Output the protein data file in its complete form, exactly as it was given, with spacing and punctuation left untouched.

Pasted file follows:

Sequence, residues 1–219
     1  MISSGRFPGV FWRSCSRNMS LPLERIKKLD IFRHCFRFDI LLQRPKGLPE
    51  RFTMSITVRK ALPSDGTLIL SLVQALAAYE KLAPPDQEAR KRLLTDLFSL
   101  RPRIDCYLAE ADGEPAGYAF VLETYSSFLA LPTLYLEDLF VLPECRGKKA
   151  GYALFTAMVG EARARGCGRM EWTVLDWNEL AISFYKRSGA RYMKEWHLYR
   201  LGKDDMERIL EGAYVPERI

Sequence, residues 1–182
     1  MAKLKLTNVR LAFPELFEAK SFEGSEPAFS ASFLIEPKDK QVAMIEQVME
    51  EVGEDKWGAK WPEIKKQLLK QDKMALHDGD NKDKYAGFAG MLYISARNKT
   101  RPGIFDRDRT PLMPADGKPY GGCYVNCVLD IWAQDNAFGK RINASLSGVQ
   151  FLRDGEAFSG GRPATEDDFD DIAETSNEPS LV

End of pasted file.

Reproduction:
Sequence, residues 1–219
     1  MISSGRFPGV FWRSCSRNMS LPLERIKKLD IFRHCFRFDI LLQRPKGLPE
    51  RFTMSITVRK ALPSDGTLIL SLVQALAAYE KLAPPDQEAR KRLLTDLFSL
   101  RPRIDCYLAE ADGEPAGYAF VLETYSSFLA LPTLYLEDLF VLPECRGKKA
   151  GYALFTAMVG EARARGCGRM EWTVLDWNEL AISFYKRSGA RYMKEWHLYR
   201  LGKDDMERIL EGAYVPERI

Sequence, residues 1–182
     1  MAKLKLTNVR LAFPELFEAK SFEGSEPAFS ASFLIEPKDK QVAMIEQVME
    51  EVGEDKWGAK WPEIKKQLLK QDKMALHDGD NKDKYAGFAG MLYISARNKT
   101  RPGIFDRDRT PLMPADGKPY GGCYVNCVLD IWAQDNAFGK RINASLSGVQ
   151  FLRDGEAFSG GRPATEDDFD DIAETSNEPS LV